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[Chen G.R.] Fuzzy PID controllers

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Fuzzy PID Controllers
for Industrial Applications
G. Ron Chen
Lecture for EE 6452
City University of Hong Kong
Summary
• Proportional-Integral-Derivative (PID) controllers are the
most widely used controllers in industries today
• Statistics: > 90% controllers in industries are PID or PIDtype of controllers (the rest are programmable logical
controllers (PLC))
• Merits of PID controllers: simple, cheap, reliable, and
effective
• For lower-order linear time-invariant systems and processes,
PID controllers have good set-point tracking performance
with guaranteed stability
• Fuzzy logic provides a certain level of artificial intelligence
to the conventional PID controllers
• Fuzzy PID controllers have self-tuning ability and on-line
adaptation to nonlinear, time-varying, and uncertain systems
• Fuzzy PID controllers provide a promising option for
industrial applications with many desirable features
Outline of the Presentation
• Overview of the Fuzzy Logic Technology
• Overview of Conventional PID Controllers
• Introduction to Fuzzy PID Controllers
• Some Successful Examples of Applications
• Concluding Remarks
Overview of the Fuzzy Logic Technology
Closed-Loop Set-Point Tracking System
Consider the typical set-point tracking system:
r
+
Σ
(reference
signal)
e
−
u
Controller
(error
signal)
y
Plant
(control
signal)
(output
signal)
Figure 1 A typical closed-loop set-point tracking system
Objective:
e(t) : = r(t) − y(t) → 0
(t→∞)
Approach: Design a fuzzy logic controller (FLC)
e
Fuzzification
Fuzzy Rule Base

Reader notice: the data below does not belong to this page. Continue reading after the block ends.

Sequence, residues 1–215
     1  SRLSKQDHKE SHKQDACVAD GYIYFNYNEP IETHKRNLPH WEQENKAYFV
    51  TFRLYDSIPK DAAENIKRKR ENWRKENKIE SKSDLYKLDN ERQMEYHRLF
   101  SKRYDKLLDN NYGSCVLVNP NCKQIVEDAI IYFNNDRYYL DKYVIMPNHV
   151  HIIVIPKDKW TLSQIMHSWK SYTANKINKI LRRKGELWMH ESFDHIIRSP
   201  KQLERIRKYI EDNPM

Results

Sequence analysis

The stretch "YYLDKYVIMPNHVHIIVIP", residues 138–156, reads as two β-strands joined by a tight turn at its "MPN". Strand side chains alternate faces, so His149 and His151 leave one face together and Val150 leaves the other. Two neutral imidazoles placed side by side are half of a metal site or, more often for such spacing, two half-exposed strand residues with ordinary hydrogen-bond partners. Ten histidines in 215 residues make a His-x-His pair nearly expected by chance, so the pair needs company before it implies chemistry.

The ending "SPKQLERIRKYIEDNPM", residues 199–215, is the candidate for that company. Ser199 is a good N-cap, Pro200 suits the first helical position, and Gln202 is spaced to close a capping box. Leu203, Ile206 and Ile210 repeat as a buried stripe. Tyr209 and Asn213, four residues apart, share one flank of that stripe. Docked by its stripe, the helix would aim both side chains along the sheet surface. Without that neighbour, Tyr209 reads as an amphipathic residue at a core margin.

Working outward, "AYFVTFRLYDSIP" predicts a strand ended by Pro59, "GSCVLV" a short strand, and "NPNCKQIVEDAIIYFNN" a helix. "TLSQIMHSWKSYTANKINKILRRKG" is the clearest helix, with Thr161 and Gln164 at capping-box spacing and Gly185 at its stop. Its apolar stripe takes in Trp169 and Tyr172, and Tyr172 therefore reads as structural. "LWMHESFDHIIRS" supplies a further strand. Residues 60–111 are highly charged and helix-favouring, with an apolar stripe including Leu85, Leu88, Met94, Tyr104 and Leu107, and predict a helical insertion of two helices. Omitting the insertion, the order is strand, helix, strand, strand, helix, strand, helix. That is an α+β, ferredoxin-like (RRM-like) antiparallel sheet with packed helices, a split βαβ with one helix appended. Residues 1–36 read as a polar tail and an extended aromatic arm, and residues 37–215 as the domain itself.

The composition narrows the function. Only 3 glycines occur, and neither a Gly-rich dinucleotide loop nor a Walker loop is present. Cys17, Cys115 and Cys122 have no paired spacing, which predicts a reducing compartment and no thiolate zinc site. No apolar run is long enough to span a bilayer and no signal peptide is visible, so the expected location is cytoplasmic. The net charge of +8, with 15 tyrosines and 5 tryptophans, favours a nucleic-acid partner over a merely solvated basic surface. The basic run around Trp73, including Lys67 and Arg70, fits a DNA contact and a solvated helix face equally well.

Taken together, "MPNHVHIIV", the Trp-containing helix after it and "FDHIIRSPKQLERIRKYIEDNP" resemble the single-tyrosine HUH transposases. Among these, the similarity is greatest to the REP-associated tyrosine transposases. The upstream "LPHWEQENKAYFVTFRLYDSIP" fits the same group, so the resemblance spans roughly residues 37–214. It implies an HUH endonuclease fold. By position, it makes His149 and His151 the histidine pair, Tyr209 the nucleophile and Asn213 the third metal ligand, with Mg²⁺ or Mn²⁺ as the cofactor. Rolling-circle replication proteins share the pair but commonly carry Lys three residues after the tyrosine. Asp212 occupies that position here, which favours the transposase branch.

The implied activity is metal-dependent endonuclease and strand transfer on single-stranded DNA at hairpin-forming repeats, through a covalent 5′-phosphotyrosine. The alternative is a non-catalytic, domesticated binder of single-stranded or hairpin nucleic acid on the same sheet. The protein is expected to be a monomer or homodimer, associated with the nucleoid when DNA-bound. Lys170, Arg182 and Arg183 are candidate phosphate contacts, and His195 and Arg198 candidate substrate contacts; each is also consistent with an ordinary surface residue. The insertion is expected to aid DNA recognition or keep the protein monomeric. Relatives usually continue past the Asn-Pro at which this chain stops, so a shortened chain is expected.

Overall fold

Defuzzification
controller
input
u
controller
output
Fuzzy Logic Controller (FLC)
Figure 2 General structure of a fuzzy logic controller
temperature
b
r = 45 o
c
y (t )
d
e (t )
a
0
t
Figure 3 Temperature set-point tracking example
(i) If e > 0 then
e=r −y> 0
or
r>y
the output y is at position a or d
(ii) Furthermore, if e& < 0 then
e& = r& − y& = 0 − y&
or
y& > 0
(iii) Therefore, the output y is at position a
Fuzzy Logic Rule Base:
R1:
IF e > 0 AND e& < 0 THEN u(t+) = u(t)
R2:
IF e < 0 AND e& < 0 THEN u(t+) = − u(t)
R3:
IF e < 0 AND e& > 0 THEN u(t+) = u(t)
R4:
IF e > 0 AND e& > 0 THEN u(t+) = − u(t)
Fuzzy Controller Design
A. Fuzzification
Purpose: Enable the input physical signal to use the rule base
Approach: Use membership functions
1
0
µ
µ
PL
µPS
NL
µNS 1
.
e, e
H
(a)
−H
0
(b)
Figure 4 Four membership functions for signals e and e&
B. Programmable Rule Base
R1:
IF e = PL AND e& < 0 THEN u(t+) = µP L(e) . u(t)
R2:
IF e = PS AND e& < 0 THEN u(t+) = (1−µPS(e)) . u(t)
R3:
IF e = NL AND e& < 0 THEN u(t+) = −µNL(e) . u(t)
R4:
IF e = NS AND e& < 0 THEN u(t+) = −(1−µNS(e)) . u(t)
R5:
IF e = NL AND e& > 0 THEN u(t+) = µNL(e) . u(t)
R6:
IF e = NS AND e& > 0 THEN u(t+) = (1−µNS(e)) . u(t)
R7:
IF e = PL AND e& > 0 THEN u(t+) = −µPL(e) . u(t)
R8:
IF e = PS AND e& > 0 THEN u(t+1) = −(1−µPS(e)) . u(t)
.
e, e
To implement the FLC on a digital computer:
u(t) = u(kT)
and
u(t+) = u((k+1)T)
where T is the sampling time.
R1:
IF e(kT) = PL AND e& (kT) < 0